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Talent And/Or Popularity: What Does It Take To Be A Superstar?


We show that both talent and popularity significantly contribute to stars’ market values in German soccer. The talent-versus-popularity controversy on the sources of stardom goes back to Rosen (1981) and Adler (1985). All attempts to resolve the controversy empirically face the difficulty of accurately identifying talent. In professional sports, rank-order tournaments help in ascertaining talent. Analyzing a team production setting, we make use of a large number of performance indicators to estimate a player’s talent according to his contribution to the team’s winning chances.

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Article provided by Western Economic Association International in its journal Economic Inquiry.

Volume (Year): 50 (2012)
Issue (Month): 1 (01)
Pages: 202-216

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Handle: RePEc:bla:ecinqu:v:50:y:2012:i:1:p:202-216
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  1. John Fitzgerald & Peter Gottschalk & Robert Moffitt, 1998. "An Analysis of Sample Attrition in Panel Data: The Michigan Panel Study of Income Dynamics," Journal of Human Resources, University of Wisconsin Press, vol. 33(2), pages 251-299.
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  3. Connolly, Marie & Krueger, Alan B., 2006. "Rockonomics: The Economics of Popular Music," Handbook of the Economics of Art and Culture, Elsevier.
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  8. O'Connell, Philip J. & Russell, Helen & FitzGerald, John, 2006. "Human Resources," Book Chapters, in: Morgenroth, Edgar (ed.), Ex-Ante Evaluation of the Investment Priorities for the National Development Plan 2007-2013 Economic and Social Research Institute (ESRI).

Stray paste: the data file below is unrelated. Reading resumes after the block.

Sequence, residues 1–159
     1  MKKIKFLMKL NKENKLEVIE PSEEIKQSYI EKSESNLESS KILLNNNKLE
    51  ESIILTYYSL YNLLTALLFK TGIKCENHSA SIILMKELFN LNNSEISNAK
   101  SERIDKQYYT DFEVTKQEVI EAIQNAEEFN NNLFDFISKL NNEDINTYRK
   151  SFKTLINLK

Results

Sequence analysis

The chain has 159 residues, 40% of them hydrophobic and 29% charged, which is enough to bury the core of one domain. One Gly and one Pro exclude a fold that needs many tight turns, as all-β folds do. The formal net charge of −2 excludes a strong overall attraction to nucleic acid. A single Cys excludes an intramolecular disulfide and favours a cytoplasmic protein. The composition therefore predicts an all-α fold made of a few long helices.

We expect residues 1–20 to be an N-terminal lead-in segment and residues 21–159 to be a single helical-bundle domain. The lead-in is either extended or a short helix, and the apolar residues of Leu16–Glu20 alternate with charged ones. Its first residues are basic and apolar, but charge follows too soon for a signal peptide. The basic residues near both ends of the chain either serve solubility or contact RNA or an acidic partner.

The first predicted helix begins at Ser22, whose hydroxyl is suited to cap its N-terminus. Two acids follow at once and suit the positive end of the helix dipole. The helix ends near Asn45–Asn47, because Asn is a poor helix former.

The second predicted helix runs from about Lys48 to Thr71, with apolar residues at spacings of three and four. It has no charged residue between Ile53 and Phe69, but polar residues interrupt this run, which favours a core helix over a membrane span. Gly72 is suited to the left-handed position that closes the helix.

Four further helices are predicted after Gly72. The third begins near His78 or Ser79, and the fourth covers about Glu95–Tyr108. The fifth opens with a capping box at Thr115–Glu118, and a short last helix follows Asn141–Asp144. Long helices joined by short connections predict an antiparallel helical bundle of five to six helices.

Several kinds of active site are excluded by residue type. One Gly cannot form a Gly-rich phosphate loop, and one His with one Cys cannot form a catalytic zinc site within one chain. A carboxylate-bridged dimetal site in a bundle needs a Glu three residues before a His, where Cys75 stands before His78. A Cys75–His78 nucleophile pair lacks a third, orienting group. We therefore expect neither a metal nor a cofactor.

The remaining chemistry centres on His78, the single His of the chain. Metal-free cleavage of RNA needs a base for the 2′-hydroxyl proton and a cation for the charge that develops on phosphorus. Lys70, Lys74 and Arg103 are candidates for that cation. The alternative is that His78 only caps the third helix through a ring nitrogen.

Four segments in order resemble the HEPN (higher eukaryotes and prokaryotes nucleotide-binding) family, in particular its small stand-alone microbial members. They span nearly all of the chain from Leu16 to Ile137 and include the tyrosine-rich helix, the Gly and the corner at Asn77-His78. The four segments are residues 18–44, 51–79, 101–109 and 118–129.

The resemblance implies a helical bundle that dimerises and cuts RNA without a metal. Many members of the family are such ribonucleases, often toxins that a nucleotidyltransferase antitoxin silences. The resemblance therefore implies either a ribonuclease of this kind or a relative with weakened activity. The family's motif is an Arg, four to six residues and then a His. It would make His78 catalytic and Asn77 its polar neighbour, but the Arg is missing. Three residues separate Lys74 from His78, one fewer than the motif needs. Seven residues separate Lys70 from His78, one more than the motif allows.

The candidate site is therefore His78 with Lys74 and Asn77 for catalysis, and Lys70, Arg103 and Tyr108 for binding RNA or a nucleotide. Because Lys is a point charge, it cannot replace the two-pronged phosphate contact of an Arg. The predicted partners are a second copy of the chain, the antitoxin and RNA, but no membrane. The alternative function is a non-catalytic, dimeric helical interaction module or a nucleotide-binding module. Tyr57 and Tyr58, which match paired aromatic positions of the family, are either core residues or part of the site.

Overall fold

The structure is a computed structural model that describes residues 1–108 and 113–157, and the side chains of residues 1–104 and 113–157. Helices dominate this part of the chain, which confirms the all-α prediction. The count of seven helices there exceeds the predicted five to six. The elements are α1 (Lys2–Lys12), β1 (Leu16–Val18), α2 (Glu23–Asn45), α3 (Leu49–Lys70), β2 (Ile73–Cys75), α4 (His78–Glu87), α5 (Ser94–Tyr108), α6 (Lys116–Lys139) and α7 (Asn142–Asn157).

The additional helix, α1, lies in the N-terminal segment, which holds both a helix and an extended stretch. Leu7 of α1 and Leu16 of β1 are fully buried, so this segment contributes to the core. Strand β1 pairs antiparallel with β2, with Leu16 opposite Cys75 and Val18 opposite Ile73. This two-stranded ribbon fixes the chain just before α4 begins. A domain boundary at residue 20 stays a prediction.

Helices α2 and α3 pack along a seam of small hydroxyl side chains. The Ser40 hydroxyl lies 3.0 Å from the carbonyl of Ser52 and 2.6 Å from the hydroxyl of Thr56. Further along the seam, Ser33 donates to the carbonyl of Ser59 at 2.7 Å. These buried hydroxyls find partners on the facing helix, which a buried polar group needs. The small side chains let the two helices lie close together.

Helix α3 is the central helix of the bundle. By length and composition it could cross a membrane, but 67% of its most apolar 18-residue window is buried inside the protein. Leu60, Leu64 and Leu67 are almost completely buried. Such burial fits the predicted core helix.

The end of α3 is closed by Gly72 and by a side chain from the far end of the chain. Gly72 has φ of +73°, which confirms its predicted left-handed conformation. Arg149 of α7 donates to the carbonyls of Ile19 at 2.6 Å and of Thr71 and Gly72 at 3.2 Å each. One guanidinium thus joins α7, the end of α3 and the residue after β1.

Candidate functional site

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  10. Benno Torgler & Markus Schaffner & Sascha L. Schmidt & Bruno S.Frey, 2008. "Do Employees Care About Their Relative Position? Behavioural Evidence Focusing on Performance," School of Economics and Finance Discussion Papers and Working Papers Series 231, School of Economics and Finance, Queensland University of Technology, revised 16 Jun 2008.
  11. David J. Berri, 1999. "Who is 'most valuable'? Measuring the player's production of wins in the National Basketball Association," Managerial and Decision Economics, John Wiley & Sons, Ltd., vol. 20(8), pages 411-427.
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  15. Lex Borghans & Loek Groot, 1998. "Superstardom and Monopolistic Power: Why Media Stars Earn More Than Their Marginal Contribution to Welfare," Journal of Institutional and Theoretical Economics (JITE), Mohr Siebeck, Tübingen, vol. 154(3), pages 546-, September.
  16. repec:clu:wpaper:1995_14 is not listed on IDEAS
  17. Erik E. Lehmann & Günther G. Schulze, 2007. "What does it take to be a star? The role of performance and the media for German soccer players," Discussion Paper Series 1, Department of International Economic Policy, University of Freiburg, revised Mar 2008.
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